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Thanksgiving Across the Sea

Possibly one of the hardest days to cope with while away from home during fall term is Thanksgiving.  It is not a holiday in Britain, but yet every American student knows it and is used to spending it at home with family and friends.  For that reason, St. Catherine’s tries to make it special for all their Visiting Students as well as the American grad students and fellows.  We started off the evening with drinks in the Senior Common Room, then entered hall from the door where the Master and dean normally enter from and were greeted with a couple tables specially set just for us with special napkins, place settings, and table decorations.  Already feeling special, this made it even better.  We sat down, marveling at the decorations, and many a person commenting on the cornbread platter that was positioned every so often down the table—there is nothing like authentic Thanksgiving food to make it even more like Thanksgiving.

The food was excellent.  It seemed like the cooks really outdid themselves for this special event.  All students who ate in hall that night were treated to the American Thanksgiving food, but you could tell that the tables housing the Americans were the ones having the most fun.  We were laughing, talking, savoring, and enjoying ourselves as we would have if we were home with our family, for the truth is that we had become somewhat of a family, a home away from home family, and we were going to celebrate this night in style, whether the British recognized it as a holiday or not.  Granted, it is less like a holiday when you have work looming over your head (for I did have an essay due the next morning that I still needed to finish), but the ability to forget about it over the course of a couple of hours while we enjoyed good food and company was the best thing I could have asked for.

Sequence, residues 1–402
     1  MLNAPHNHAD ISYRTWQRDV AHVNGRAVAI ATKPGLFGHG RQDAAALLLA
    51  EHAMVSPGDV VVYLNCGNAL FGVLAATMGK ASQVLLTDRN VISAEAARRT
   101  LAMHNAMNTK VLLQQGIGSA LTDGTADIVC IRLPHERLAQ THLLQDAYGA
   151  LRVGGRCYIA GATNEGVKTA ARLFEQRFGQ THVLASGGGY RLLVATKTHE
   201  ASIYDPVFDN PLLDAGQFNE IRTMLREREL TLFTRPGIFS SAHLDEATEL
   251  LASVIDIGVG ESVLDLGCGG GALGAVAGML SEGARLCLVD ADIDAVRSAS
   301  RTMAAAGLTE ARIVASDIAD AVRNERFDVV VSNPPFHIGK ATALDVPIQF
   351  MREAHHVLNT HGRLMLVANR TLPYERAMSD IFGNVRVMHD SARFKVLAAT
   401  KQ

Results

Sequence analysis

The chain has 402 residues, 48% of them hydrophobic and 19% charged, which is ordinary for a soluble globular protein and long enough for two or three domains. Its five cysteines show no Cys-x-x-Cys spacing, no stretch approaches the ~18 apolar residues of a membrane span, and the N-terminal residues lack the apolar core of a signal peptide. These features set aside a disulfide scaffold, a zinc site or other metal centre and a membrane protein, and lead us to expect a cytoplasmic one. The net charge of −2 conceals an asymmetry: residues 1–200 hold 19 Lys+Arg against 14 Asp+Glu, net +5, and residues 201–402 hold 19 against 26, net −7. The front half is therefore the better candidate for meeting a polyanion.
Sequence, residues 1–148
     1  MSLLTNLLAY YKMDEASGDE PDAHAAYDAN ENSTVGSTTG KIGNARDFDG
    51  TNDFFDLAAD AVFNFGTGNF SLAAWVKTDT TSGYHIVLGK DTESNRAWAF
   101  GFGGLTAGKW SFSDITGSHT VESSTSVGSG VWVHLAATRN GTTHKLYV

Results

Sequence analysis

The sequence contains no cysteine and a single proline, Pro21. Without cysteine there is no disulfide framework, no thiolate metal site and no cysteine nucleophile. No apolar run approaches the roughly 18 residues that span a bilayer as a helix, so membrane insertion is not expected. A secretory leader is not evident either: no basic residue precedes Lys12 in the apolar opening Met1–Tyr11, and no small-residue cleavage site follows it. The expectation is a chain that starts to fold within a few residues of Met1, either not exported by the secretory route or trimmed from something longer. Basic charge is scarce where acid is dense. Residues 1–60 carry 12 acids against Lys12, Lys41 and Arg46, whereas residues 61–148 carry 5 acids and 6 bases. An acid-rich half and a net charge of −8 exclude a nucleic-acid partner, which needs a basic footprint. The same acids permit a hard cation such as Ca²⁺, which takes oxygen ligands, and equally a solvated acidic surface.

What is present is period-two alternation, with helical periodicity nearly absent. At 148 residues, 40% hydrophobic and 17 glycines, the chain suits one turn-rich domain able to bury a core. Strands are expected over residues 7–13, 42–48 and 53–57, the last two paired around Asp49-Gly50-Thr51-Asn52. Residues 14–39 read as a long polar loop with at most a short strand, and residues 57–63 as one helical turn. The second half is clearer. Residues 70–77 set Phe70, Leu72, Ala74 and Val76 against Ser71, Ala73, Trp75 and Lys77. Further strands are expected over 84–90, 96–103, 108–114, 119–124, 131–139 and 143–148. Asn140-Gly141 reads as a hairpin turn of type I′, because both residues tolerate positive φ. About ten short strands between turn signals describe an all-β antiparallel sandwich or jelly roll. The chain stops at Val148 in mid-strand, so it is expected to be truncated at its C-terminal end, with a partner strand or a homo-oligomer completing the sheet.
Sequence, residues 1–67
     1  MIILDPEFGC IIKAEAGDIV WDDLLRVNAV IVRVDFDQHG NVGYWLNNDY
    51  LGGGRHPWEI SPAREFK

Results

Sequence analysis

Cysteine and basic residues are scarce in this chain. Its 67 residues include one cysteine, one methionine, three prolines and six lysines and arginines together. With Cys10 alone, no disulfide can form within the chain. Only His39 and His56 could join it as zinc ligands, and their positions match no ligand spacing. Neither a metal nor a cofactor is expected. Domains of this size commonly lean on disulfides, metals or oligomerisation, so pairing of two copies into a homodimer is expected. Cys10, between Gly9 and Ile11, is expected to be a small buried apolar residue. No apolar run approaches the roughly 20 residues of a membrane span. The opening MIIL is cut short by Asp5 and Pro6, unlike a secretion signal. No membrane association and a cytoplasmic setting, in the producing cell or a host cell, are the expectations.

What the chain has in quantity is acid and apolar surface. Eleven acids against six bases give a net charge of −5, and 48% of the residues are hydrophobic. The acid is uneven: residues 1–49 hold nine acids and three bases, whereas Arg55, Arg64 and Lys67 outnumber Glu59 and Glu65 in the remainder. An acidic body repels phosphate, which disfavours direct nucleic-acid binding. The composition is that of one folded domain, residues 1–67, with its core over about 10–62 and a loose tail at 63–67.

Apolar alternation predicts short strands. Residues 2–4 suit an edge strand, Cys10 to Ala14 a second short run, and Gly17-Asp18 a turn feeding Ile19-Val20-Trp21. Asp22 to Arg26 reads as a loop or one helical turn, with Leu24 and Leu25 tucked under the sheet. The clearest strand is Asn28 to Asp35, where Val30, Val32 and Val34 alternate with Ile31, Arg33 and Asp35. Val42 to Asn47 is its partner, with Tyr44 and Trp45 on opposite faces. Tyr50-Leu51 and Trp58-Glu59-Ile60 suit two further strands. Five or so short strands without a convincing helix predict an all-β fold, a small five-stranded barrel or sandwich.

What did we eat? Well, the chiefs had an excellent menu containing all the traditional food (even if slightly different than what you would find in the states) prepared for us.  We started off with Pupkin and Sweetcorn Soup with the corn bread, then continues on to the main course, which consisted of Roast Turkey with Pear and Chesnut Stuffing, Bacon, Chipolata and Sherry Gravy.  Finally, dessert was a scrumptious Pecan and Cranberry Tart, with Coffee or Tea and Mint Chocolates for afters.  Overall, it was amazing.  In fact, you could see every American student savoring the food, for we were still on our main course when most of the British students were beginning to depart after finishing their dessert.  It was truly a Thanksgiving to remember, with special friends in Oxford.  I don’t think I’ll ever have another one like it, for the English manage to do Thanksgiving quite well, even if they don’t celebrate the holiday themselves.

Thanksgiving the Catz Way
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